Why could Paul truly say such a word as this? In the first place, he could not say it because it was natural for him. There had been a time when he had given utterance to such a statement it would have been grossly false. When Paul rode out from Jerusalem on his way to Damascus, for instance, he longed for anything else more than he longed to share in the sufferings of Christ. It required a marvelous change. It required an absolute transformation to bring Paul to the place where he was able to give utterance to this high and heroic sentiment. He was not possessed of such a longing by nature.
Nor did Paul long to share in the sufferings of Christ because he looked upon these sufferings as trivial. Few men have ever understood the sufferings of Christ as did Paul. He had an appreciation of their intensity and of their bitterness far beyond most other men. He understood as few have ever understood the physical agonies of the Cross. Paul was a great physical sufferer himself.
But he knew what we sometimes forget, that infinitely the deepest pain of Jesus was not physical. Had there been nothing involved in His crucifixion but physical agony then we are forced to acknowledge that many of His followers have endured the same kind of pain with a fortitude to which He was a stranger. His agony was from another source. He suffered because He was made “to be sin for us, who knew no sin.” He suffered in that “he was wounded for our transgressions and bruised for our iniquities.” It was this fact that wrung from Him that bitterest of all cries, “My God, my God, why hast thou forsaken me?”
Nor did Paul possess this desire because he longed for pain in itself. Paul was not a calloused soul. Few men have ever been more sensitive to pain. He had no more fondness for being shipwrecked than you and I have. He had no more pleasure in being stoned, in being publicly whipped, in being thrown into dark dungeons and stenchful prison cells than you and I have. He no more delighted in being ridiculed and ostracized than you and I would delight in these things. Paul took no more pleasure in hunger and cold, in peril and nakedness, in agony and tears than you and I would take in them.
Yet we find him longing to share in the sufferings of Christ. Why did he long for this strange privilege? There are two reasons. He longed to share in Christ’s sufferings, first, because he genuinely and passionately loved Christ. If you have ever at any time truly loved anybody you will be able to understand this longing of Saint Paul. It is the nature of love to always seek either to spare or to share the pain of the loved one.
One of the sweetest stories in our American literature, I think, is that of “The Wife” told by Washington Irving. You remember it. It has been re-enacted a thousand times over. A man of wealth has lost his fortune. He is heart-broken over it, not on his own account but on account of his wife. She has been tenderly nurtured. He is sure that poverty will break her heart. But he has to tell her. The lovely home in the city must be given up. They must move to a cottage in the country. He enters upon the hard ordeal. It is his Gethsemane. But to his utter amazement he finds his wife more joyous, more genuinely happy in the midst of this trying experience than he has ever known her to be before. What is the secret? She is in love with her husband and loving him, it is her keenest joy to be able to share his sorrow with him.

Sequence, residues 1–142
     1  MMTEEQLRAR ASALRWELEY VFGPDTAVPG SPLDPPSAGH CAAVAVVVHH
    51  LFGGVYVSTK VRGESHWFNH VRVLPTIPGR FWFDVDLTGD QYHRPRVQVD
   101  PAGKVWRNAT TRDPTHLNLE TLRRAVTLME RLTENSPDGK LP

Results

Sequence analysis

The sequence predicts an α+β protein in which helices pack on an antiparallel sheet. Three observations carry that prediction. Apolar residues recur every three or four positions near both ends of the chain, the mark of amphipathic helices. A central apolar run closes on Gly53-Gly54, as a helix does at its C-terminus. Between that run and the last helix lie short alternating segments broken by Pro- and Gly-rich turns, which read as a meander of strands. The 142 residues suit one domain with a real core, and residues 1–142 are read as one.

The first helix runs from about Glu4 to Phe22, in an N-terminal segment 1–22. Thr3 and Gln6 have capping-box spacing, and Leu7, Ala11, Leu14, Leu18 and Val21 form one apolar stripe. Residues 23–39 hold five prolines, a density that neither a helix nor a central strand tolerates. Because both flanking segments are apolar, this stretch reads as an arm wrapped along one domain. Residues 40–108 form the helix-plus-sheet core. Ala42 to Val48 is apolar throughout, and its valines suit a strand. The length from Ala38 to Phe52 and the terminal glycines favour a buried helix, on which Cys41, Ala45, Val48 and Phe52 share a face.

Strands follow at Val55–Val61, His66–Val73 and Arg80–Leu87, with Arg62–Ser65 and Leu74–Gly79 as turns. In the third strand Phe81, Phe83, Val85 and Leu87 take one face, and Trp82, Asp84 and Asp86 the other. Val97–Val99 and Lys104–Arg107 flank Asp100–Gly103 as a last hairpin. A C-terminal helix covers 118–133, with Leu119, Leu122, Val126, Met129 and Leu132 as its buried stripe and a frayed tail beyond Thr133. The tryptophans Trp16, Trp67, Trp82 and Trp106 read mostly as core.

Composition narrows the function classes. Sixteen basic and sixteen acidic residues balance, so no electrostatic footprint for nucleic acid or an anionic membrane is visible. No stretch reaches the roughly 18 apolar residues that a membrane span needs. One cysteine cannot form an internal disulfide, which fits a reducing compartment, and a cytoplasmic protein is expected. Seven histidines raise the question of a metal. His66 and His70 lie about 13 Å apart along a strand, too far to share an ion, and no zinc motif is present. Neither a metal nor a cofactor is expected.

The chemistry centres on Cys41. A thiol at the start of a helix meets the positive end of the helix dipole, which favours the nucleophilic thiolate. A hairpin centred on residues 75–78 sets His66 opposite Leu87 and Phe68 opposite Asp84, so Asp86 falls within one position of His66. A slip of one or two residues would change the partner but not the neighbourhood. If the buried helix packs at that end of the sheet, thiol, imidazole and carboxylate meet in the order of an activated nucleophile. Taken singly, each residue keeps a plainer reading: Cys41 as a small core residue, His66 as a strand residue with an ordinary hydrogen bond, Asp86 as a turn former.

The wife of the southern poet, Sidney Lanier, was just such a one as Irving’s heroine. You will recall what a long hard fight Lanier had with sickness and poverty and what a tower of strength through it all was the gentle and tender woman who loved him.
“In the heart of the Hills of Life, I know
Two springs that with unbroken flow
Forever pour their lucent streams
Into my soul’s far Lake of Dreams.
Not larger than two eyes, they lie,
Beneath the many-changing sky
And mirror all of life and time,
—Serene and dainty pantomime.
Shot through with lights of stars and dawns,
And shadowed sweet by ferns and fawns,
—Thus heaven and earth together vie
Their shining depth to sanctify.
Always when the large Form of Love
Is hid by storms that rage above,
I gaze in my two springs and see
Love in his very verity.
* * * *
O Love, O Wife, thine eyes are they,
—My springs from out whose shining gray
Issue the sweet celestial streams
That feed my life’s bright Lake of Dreams.
Oval and large and passion-pure
And gray and wise and honor-sure;
Soft as a dying violet-breath
Yet calmly unafraid of death.
* * * *
Dear eyes, dear eyes and rare complete—
Being heavenly-sweet and earthly-sweet,
—I marvel that God made you mine,
For when He frowns, ’tis then ye shine!”
Now, what was there in the seeming frown of God to make the eyes of love shine? It was just this: they were alight with the joy that comes when love is privileged to share the pain of the beloved.